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Public event

The Challenges of Peace and Justice in Africa: Policy and Principle from Sudan to Congo

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One of the main themes of the seminar, and one that Juan E. Méndez, President of the International Center for Transitional Justice, addressed in his remarks, is that of the relationship between processes of building peace and processes of dispensing justice.

This relationship becomes especially important in countries that are emerging from armed conflict. Mr. Mendez noted that a significant dilemma is posed by these two processes; there exists a very real danger that if the two are pursued separately, decisions taken during the peace process may close the door for justice in the future.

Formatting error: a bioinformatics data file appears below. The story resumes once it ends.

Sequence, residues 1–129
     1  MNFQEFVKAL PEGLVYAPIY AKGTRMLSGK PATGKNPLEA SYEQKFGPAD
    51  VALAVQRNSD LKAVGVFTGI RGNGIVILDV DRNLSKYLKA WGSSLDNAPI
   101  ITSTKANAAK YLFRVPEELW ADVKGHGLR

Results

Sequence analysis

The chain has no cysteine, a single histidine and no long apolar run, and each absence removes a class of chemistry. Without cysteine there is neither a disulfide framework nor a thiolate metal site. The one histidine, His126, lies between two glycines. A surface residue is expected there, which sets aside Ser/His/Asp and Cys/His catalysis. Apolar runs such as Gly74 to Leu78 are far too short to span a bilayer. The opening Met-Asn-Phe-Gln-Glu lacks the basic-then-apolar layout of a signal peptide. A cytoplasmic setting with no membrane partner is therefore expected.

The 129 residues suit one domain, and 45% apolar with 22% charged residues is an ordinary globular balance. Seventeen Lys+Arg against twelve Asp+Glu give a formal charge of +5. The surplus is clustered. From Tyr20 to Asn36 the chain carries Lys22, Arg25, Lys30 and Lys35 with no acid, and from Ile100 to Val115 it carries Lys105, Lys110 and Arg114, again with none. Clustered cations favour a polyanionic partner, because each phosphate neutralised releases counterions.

While further pointing out that peace should not trump justice in these contexts, he also acknowledged that it becomes very difficult to convince armed groups to disarm when there is a possibility that they would subsequently be sent to jail. The discussion was concluded with the recognition that greater attention ought to be spent on building capacities at the national level to dispense justice to victims.

Transitional justice should be conceptualised in broad terms: it is composed of both judicial and non-judicial means. Moreover, it is often the case that the distinction between peace and justice is often irrelevant at the local level; rather, they are viewed as interchangeable aspects of the same process – hence, the imperative need to reconcile peace efforts with justice efforts.

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